How A2Z can assist to minimise your VAT liability for a takeaway or restaurant business

Our observations are that businesses in the hospitality sector are losing on genuine VAT savings due to lack of proper advice. For example, you may not have registered for the right scheme, you don’t have a strong bookkeeping system which ensures you can claim every single VAT expense without failure, you are paying VAT on certain sales which are actually not applicable to VAT (zero-rated items). At A2Z Accounting, we pay close attention to you and start with giving the correct advice. We then use a fully digital system, coupled with a highly trained and qualified team who prepare, review and quality check before filing every single return. We spend extra time with clients to ensure everything has been covered before filing.

What is VAT on food and drinks?

The government has a detailed guideline on how to apply VAT on food and drinks for those in the food and beverage industry. For example, zero-rated products, such as coffee beans, attract a 0% VAT charge. However, standard-rated products, such as a hot cup of tea, attract a 20% standard VAT charge.

Since you’re in the restaurant business, which falls under the catering business category, you’re expected to know which products to charge the 20% standard VAT rate and which are zero-rated. Despite the specifics of your niche, you need to understand how the VAT rules apply to avoid complications with the law.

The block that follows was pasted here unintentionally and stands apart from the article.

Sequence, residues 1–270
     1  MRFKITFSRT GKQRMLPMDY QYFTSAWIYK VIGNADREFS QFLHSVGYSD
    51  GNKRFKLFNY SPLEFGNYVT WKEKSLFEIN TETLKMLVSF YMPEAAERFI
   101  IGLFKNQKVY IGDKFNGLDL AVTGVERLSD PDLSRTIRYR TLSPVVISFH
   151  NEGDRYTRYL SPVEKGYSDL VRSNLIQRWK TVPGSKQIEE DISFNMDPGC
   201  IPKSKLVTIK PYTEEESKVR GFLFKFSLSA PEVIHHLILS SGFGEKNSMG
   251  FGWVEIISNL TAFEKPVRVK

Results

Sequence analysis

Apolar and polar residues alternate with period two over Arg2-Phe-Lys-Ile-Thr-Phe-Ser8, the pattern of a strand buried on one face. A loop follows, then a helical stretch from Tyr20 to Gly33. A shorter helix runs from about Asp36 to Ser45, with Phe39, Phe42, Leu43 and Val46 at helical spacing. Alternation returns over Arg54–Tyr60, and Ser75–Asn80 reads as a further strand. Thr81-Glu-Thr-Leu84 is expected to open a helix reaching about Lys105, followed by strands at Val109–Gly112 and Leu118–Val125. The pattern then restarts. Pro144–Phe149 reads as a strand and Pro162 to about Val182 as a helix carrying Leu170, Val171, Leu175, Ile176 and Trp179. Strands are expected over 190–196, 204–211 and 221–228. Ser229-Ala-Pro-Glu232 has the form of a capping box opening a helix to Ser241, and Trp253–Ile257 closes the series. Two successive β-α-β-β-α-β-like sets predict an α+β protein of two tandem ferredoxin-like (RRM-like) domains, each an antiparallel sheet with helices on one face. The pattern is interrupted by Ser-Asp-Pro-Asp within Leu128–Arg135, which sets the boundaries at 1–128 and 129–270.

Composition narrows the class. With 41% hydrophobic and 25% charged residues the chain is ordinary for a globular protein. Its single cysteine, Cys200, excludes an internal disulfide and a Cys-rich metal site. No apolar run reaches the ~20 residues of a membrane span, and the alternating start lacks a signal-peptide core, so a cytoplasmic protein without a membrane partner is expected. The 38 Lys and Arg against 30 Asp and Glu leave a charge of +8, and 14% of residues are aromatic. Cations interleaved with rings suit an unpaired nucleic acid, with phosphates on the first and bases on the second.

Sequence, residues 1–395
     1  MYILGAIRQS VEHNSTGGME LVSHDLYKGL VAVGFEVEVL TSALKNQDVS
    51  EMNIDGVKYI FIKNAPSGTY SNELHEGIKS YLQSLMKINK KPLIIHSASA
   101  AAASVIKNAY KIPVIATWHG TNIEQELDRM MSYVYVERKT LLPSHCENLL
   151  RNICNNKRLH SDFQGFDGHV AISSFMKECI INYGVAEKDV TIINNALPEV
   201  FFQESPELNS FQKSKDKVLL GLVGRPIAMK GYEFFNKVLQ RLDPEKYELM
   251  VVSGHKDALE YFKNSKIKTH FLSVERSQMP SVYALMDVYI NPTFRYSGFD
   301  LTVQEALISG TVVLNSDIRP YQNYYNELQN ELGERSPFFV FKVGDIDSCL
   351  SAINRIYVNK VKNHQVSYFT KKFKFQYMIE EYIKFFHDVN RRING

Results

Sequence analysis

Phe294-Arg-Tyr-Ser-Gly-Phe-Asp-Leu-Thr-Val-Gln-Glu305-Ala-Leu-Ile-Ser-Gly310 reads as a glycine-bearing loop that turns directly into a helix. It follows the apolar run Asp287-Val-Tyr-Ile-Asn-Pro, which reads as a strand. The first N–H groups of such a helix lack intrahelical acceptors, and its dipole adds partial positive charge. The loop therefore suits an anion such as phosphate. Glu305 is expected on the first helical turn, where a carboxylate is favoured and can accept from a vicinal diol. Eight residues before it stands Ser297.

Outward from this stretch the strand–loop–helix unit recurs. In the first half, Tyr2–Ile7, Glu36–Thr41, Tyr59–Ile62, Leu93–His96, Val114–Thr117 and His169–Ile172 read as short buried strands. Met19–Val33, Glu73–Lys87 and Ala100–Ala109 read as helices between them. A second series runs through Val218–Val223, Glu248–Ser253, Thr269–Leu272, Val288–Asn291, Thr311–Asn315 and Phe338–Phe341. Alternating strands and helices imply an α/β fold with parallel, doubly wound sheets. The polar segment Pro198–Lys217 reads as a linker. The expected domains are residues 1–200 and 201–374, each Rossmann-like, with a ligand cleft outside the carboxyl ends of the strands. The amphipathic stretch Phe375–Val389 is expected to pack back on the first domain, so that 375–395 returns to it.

What are the legal implications of VAT?

Your restaurant or takeaway food business doesn’t have to register for VAT unless the annual taxable turnover exceeds the VAT threshold. Meanwhile, your business can balance the VAT by offsetting what it pays to suppliers with what it collects from customers. The difference is then payable to or should be collected from the HMRC.

What are the challenges when working out VAT?

When determining whether your products are zero-rated, you need to ask the following:

Does the food fall under the standard or zero VAT rates?

Is the food hot or cold?

Are your customers visiting and consuming the food on-premises, or do you supply them off-premises?

These questions are the first step in understanding what applies. However, you may face other challenges that may lead to problems when working out how to handle VAT:

Using the wrong flat rate percentage

Understating the flat rate turnover

Not providing enough evidence to support your VAT reclaims

Poor bookkeeping leading to higher VAT liability

Claiming a VAT reclaim twice leading to penalties

Failing to act upon VAT demands and notices

Failure to repay VAT on supplier invoices

Attempting to handle all VAT-related accounting complications by yourself

These challenges are exhausting and thus need the right approach to ensure your business remains compliant and does not incur more costs than is necessary

Conclusion: We can help

Our professional services and highly experienced team can analyse your business and determine the best approach to solving your VAT and other bookkeeping challenges. Get in touch today and let us help you legally minimise your VAT liability through industry standard best practices.